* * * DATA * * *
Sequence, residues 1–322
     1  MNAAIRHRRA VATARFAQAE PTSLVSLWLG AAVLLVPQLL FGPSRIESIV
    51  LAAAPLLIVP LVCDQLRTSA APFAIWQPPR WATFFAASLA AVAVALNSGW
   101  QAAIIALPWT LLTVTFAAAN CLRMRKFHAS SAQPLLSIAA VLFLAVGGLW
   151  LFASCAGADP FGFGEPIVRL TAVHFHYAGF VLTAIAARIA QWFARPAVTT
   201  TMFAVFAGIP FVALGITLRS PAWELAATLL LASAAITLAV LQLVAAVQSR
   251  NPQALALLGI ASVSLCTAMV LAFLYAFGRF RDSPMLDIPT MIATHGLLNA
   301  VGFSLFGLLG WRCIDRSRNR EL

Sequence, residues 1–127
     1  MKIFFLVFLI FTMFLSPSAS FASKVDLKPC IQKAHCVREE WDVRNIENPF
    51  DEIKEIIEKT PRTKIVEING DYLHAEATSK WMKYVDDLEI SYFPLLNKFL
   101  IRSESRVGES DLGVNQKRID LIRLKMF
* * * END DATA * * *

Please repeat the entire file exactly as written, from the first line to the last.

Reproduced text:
Sequence, residues 1–322
     1  MNAAIRHRRA VATARFAQAE PTSLVSLWLG AAVLLVPQLL FGPSRIESIV
    51  LAAAPLLIVP LVCDQLRTSA APFAIWQPPR WATFFAASLA AVAVALNSGW
   101  QAAIIALPWT LLTVTFAAAN CLRMRKFHAS SAQPLLSIAA VLFLAVGGLW
   151  LFASCAGADP FGFGEPIVRL TAVHFHYAGF VLTAIAARIA QWFARPAVTT
   201  TMFAVFAGIP FVALGITLRS PAWELAATLL LASAAITLAV LQLVAAVQSR
   251  NPQALALLGI ASVSLCTAMV LAFLYAFGRF RDSPMLDIPT MIATHGLLNA
   301  VGFSLFGLLG WRCIDRSRNR EL

Sequence, residues 1–127
     1  MKIFFLVFLI FTMFLSPSAS FASKVDLKPC IQKAHCVREE WDVRNIENPF
    51  DEIKEIIEKT PRTKIVEING DYLHAEATSK WMKYVDDLEI SYFPLLNKFL
   101  IRSESRVGES DLGVNQKRID LIRLKMF